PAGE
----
Dr. Switzer has a seriously ill patient but has had trouble diagnosing the specific cause of the illness. The doctor now has narrowed the cause down to two alternatives: disease A or disease B. Based on the evidence so far, she feels that the two alternatives are equally likely.
Beyond the testing already done, there is no test available to determine if the cause is disease B. One test is available for disease A, but it has two major problems. First, it is very expensive. Second, it is somewhat unreliable, giving an accurate result only 80 percent of the time. Thus, it will give a positive result (indicating disease A) for only 80 percent of patients who have disease A, whereas it will give a positive result for 20 percent of patients who actually have disease B instead. Disease B is a very serious disease with no known treatment. It is sometimes fatal, and those who survive remain in poor health with a poor quality of life thereafter. The prognosis is similar for victims of disease A if it is left untreated. However, there is a fairly expensive treatment available that eliminates the danger for those with disease A, and it may return them to good health. Unfortunately, it is a relatively radical treatment that always leads to death if the patient actually has disease B instead. The probability distribution for the prognosis for this patient is given for each case in the following table, where the column headings (after the first one) indicate the disease for the patient.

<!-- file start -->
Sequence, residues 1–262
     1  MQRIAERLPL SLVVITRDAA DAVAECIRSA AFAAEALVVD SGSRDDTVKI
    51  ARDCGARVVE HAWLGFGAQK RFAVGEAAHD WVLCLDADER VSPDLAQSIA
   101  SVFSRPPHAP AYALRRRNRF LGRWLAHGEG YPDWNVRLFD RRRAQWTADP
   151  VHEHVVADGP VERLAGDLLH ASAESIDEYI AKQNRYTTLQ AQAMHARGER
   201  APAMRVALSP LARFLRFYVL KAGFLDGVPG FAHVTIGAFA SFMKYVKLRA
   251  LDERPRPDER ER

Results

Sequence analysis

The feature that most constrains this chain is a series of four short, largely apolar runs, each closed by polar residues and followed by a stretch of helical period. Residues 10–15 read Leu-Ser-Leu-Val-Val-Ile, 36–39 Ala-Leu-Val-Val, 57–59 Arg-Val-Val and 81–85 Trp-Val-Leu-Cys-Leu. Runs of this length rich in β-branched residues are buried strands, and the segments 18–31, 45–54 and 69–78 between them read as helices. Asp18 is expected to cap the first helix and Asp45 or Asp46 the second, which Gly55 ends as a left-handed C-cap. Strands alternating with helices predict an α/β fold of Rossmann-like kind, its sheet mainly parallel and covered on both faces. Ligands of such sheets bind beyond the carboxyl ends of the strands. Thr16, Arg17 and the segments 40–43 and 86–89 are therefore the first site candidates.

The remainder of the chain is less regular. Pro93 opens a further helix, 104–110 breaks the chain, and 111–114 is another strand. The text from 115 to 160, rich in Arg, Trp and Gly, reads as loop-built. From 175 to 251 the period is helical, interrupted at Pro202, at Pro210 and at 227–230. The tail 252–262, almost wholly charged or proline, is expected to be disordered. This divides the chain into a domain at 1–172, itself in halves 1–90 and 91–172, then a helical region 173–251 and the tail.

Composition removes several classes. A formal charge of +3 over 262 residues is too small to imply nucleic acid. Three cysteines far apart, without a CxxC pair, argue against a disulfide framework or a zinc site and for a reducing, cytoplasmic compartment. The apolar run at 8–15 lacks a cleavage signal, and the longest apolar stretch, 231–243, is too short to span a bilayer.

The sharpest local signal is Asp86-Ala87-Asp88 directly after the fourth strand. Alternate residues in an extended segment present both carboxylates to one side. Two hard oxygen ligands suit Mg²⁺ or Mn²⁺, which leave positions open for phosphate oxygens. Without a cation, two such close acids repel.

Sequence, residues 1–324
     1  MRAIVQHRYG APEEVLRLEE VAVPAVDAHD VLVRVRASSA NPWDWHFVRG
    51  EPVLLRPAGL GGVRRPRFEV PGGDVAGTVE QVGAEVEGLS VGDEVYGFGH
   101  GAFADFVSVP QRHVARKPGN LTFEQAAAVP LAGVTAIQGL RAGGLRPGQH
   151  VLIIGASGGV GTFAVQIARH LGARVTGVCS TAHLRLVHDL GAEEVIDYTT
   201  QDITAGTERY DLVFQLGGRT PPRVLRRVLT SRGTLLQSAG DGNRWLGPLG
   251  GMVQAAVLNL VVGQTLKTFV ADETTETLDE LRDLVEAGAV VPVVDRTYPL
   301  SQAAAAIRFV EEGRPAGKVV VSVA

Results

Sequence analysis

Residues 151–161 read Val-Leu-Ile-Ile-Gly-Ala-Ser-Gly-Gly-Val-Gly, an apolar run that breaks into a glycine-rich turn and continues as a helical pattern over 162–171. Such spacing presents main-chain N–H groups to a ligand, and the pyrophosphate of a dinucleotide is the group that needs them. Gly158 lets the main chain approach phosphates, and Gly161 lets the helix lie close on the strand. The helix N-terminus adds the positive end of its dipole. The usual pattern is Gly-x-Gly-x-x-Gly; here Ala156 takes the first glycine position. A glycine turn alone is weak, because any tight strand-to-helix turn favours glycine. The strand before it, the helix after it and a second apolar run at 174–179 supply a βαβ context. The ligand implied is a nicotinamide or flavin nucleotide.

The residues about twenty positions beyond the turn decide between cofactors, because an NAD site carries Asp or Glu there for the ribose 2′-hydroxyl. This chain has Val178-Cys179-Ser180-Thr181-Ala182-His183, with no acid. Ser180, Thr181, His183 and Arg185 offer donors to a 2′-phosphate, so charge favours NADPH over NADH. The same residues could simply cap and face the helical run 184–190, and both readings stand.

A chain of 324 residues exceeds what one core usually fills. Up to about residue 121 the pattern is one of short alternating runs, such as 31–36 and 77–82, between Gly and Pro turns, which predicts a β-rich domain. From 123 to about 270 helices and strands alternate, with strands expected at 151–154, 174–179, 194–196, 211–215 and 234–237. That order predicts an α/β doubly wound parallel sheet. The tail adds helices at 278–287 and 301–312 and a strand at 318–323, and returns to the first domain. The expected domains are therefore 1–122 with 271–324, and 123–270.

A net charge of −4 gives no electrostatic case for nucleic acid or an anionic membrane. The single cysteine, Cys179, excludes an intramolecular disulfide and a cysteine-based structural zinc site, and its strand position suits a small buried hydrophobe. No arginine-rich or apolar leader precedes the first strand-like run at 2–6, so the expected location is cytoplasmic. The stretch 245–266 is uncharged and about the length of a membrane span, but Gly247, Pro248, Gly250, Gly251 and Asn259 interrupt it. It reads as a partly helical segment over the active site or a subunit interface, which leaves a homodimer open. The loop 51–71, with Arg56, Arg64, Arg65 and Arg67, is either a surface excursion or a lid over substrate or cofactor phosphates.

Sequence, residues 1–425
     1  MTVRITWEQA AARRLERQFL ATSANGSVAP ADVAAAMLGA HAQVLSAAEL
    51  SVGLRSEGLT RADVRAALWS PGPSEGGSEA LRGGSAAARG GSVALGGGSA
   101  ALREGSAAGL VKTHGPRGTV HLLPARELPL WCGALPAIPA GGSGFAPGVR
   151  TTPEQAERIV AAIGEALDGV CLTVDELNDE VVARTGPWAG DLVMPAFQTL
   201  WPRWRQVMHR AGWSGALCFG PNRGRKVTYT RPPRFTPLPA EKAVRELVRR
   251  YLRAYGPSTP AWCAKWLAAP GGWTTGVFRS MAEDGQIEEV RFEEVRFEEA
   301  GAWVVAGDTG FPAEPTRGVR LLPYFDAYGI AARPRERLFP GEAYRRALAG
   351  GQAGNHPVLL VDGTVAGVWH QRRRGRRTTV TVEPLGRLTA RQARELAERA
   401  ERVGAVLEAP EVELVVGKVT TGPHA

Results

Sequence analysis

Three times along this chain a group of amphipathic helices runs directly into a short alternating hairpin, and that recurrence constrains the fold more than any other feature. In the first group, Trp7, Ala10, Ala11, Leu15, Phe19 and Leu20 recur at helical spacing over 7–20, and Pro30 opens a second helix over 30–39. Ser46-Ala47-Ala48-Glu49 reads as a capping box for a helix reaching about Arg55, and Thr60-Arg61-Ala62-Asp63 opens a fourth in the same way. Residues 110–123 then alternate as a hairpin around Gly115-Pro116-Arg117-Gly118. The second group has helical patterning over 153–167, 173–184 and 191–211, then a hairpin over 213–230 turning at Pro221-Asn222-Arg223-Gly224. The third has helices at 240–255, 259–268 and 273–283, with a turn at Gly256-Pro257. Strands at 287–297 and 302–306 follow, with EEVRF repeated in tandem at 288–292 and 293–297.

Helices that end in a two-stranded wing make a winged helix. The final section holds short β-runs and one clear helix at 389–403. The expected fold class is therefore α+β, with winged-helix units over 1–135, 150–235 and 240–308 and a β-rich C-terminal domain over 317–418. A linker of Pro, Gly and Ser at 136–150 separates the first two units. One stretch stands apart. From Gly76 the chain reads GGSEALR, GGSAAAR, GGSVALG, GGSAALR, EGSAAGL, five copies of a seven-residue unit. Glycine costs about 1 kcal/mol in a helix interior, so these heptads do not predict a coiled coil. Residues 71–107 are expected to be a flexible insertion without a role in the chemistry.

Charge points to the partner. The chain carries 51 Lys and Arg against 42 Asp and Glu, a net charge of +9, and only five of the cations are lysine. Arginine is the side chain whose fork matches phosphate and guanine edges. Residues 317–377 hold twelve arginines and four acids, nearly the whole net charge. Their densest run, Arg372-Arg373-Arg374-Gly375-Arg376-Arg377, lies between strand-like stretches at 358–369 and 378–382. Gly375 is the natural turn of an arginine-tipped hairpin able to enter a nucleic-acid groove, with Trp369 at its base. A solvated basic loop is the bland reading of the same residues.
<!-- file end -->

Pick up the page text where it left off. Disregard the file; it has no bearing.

The patient has assigned the following utilities to the possible outcomes:
In addition, these utilities should be incremented by –2 if the patient incurs the cost of the test for disease A and by –1 if the patient (or the patient’s estate) incurs the cost of the treatment for disease A.
Use decision analysis with a complete decision tree to determine if the patient should undergo the test for disease A and then how to proceed (receive the treatment for disease A?) to maximize the patient’s expected utility.

  • CreatedSeptember 22, 2015
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